Attorney General Kwame Raoul Releases First Annual Report Documenting State's Protection Of Americans With Disabilities Act As US Commemorates 30th Anniversary

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By WBBM Newsradio 780 AM & 105.9 FM
(WBBM NEWSRADIO) -- On the heels of the 30th anniversary of the Americans with Disabilities Act, Illinois Attorney General Kwame Raoul released the first annual report to detail his office's efforts to enforce state and federal laws that protect individuals with disabilities in Illinois.
 
The report, called the Disability Rights Bureau Investigation and Technical Assistance Activity, is for fiscal year 2019-2020 and is the result of the Illinois Environmental Barriers Act, a 2019 law that documents the state's enforcement of the ADA.
 
In an Aug. 1 press release, Raoul's office announced that in the past year, his Disability Rights Bureau responded to 211 complaints about physical accessibility and disability discrimination, 790 requests for technical assistance and conducted seven presentations and trainings across the state. 
 
The most frequent complaints received this past year that resulted in investigations of alleged EBA violations include physical inaccessibility of routes, bathrooms, curb ramps, doors, entrances, parking, ramps, and sidewalks.
 
“People with disabilities are entitled to equal access to schools, businesses and public buildings so that they can be active participants in their communities,” Raoul said in a statement. “As we celebrate this milestone anniversary of the ADA, I am proud to highlight my office’s continued action to protect and advance the rights of people with disabilities in Illinois.”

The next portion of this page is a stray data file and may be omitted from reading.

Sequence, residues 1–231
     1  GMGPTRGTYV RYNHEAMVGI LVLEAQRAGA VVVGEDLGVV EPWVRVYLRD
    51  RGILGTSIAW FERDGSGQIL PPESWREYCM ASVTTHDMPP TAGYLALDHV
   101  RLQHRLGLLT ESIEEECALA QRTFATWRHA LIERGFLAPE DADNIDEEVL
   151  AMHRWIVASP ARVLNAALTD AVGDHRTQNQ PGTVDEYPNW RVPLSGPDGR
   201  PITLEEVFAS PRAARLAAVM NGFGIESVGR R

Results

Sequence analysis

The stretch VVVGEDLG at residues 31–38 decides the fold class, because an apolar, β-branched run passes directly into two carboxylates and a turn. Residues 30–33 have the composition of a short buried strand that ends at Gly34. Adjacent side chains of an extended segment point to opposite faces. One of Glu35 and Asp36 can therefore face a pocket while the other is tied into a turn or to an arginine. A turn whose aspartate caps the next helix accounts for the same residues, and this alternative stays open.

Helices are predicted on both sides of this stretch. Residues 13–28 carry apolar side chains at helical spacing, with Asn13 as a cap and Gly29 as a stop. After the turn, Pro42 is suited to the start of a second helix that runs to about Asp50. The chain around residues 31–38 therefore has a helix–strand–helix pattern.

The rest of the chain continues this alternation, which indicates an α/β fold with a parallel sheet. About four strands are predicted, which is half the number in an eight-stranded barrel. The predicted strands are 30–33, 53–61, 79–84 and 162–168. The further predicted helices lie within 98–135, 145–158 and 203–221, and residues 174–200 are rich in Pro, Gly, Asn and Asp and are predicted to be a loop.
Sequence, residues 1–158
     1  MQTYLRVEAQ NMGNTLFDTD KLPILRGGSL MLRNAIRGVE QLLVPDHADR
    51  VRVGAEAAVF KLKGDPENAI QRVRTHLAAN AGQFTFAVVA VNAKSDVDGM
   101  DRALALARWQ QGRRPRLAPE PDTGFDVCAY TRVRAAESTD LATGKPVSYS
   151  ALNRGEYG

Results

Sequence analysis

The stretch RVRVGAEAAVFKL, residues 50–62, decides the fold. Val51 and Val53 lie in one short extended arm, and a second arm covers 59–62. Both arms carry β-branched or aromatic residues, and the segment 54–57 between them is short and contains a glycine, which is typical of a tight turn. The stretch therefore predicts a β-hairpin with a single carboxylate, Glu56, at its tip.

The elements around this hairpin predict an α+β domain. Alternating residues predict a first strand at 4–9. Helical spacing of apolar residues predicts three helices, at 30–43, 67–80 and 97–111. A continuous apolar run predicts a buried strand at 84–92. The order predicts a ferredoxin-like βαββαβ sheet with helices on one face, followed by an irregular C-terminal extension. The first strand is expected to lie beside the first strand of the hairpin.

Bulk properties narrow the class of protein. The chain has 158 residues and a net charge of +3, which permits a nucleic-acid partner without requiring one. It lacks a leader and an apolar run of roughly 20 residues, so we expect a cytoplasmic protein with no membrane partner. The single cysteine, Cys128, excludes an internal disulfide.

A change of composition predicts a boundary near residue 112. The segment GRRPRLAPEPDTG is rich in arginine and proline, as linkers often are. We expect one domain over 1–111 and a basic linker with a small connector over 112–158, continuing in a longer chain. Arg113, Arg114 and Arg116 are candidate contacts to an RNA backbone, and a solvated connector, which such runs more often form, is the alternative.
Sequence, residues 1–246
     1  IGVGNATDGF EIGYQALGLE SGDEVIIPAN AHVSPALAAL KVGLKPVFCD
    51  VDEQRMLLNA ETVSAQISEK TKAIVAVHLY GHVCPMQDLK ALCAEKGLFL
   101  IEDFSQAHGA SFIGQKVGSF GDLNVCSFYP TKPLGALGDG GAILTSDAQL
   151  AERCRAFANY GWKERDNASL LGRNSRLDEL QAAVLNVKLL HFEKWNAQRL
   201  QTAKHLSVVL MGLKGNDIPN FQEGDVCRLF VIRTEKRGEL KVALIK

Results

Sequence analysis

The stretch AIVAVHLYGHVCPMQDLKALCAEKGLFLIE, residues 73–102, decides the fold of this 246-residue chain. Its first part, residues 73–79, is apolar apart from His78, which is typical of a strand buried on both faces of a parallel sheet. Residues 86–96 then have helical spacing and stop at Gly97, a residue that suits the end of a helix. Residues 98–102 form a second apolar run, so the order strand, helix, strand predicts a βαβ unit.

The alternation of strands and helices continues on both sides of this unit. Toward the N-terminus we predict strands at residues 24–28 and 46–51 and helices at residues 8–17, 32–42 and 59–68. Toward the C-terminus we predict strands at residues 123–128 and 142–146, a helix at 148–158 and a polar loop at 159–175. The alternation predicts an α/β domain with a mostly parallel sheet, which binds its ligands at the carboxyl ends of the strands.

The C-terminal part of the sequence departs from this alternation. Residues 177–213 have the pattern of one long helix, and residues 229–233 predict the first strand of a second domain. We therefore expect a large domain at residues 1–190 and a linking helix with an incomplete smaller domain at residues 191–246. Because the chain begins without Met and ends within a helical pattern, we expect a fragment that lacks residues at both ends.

The bureau also received complaints alleging discrimination against people who have disabilities, the most frequent involving service animals, effective communication, and businesses, housing providers, and public entities that demonstrated a pattern or practice of a failure to provide accommodations to individuals with disabilities.
 
The ADA, which was signed into law 30 years ago on July 26, bans discrimination against people with disabilities and requires reasonable accommodations across areas of public life, including in schools, employment, public businesses, telecommunications and transportation.